The story of Bill Lancaster is a fascinating one. Having never heard of his daring adventures across the world I came into ‘The Lost Aviator’ completely cold, expecting something of a dry re-telling of an old school British aviator who got into some scrapes.
Fortunately ‘The Lost Aviator’ is so much more. It’s a romance, murder trial, globe trotting drama of Greek tragedy proportions.
Bill Lancaster started out as an RAF pilot before deciding to make a name for himself by being the first person to fly from England to Australia. Before setting off he meets “Chubbie” Miller, an Australian who asks to make the trip with him. On the arduous flight the two fall for each other and end up moving into together in LA after their flight brings them fame. This despite the fact that Bill Lancaster has a wife and children back in England. Whilst in Hollywood the couple took in writer Haden Clarke who was to write a book about their experiences together. Struggling for funds Lancaster went to Mexico to seek work as a pilot. Coming home he finds that Miller and Clarke have become engaged. His first night back in LA and Clarke mysteriously “commits suicide”. What follows is a sensational murder trial and a redemptive last flight to South Africa.
Learning about the life and times of Bill Lancaster is intriguing enough but the documentary throws a curve ball in that it is directed by his great nephew Andrew Lancaster. As well as talking heads assembled from the world of aviation and criminal law, Lancaster the director also incorporates members of his own family. The main question he has for them is whether or not they think their families hero committed the murder for which he was accused. Surprisingly the family’s verdict is varied from those who sadly believe he may have to those who strenuously deny it and chastise the director for looking to drag the family name through the gutter for the sake of his film – most vocally his own father who repeatedly chastises him on camera.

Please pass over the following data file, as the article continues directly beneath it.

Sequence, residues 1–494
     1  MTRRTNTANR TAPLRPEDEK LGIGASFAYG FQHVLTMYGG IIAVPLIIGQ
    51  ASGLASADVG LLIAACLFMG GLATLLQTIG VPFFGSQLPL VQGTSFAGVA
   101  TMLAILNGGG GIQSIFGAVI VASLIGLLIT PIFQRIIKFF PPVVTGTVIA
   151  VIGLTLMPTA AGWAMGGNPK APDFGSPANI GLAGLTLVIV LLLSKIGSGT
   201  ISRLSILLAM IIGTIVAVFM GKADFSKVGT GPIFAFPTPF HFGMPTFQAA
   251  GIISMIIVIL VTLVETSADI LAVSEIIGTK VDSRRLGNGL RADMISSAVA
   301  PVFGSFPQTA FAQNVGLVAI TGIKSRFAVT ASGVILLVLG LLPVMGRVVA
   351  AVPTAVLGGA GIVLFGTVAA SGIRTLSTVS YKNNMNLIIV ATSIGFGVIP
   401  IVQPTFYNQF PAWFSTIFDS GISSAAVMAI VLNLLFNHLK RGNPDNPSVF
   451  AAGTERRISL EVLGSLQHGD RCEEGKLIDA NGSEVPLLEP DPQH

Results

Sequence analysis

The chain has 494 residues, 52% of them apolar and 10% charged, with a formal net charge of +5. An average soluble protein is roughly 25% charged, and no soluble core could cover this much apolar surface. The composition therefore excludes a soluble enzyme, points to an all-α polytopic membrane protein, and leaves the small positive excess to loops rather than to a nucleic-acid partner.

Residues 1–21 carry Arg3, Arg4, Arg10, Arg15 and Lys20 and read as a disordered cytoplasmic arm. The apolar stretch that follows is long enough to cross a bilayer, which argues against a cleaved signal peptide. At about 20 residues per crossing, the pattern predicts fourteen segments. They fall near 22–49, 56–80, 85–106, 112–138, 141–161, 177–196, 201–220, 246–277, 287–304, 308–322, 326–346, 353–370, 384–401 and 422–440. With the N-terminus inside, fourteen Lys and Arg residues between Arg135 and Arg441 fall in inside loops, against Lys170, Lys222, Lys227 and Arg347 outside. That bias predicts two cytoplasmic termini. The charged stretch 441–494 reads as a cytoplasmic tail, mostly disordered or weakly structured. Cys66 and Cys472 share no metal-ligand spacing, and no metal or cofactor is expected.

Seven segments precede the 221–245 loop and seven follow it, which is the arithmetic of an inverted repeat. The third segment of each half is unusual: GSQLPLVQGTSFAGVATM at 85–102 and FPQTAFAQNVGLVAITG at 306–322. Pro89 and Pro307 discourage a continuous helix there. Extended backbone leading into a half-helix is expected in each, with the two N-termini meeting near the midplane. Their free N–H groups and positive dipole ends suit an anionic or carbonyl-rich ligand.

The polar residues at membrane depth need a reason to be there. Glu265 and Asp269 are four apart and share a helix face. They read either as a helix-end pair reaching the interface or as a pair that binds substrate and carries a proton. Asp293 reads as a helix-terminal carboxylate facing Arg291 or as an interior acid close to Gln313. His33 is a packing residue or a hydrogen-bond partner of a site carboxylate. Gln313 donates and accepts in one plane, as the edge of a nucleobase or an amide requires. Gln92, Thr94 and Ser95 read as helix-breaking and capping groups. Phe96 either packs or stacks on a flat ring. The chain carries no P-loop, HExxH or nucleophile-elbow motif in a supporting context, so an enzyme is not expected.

Lancaster’s research is extensive, retracing many of his great uncles’ footsteps, filling in holes by showing footage from the Australian mini-series ‘The Lancaster Miller Affair’. The final act post-murder trial takes an unexpectedly gut wrenching turn, that quietly turns the film from a “did he do it?” mystery into something far more unsettling. Particularly scenes with the pilot’s daughter, who is now 85, recounting stories of her father and his last years are particularly heart breaking and may bring a few tears to the eyes.
Bill Lancaster comes across as a fascinating character. Certainly driven by ego but also with a complicated love for the women in his life, it’s hard to fully like a man who would leave his wife and children across an ocean to start an affair but come the end of the film you will find it hard to not be charmed by him. ‘The Lost Aviator’ is the hidden gem we’ve been waiting for from this year’s London Film Festival.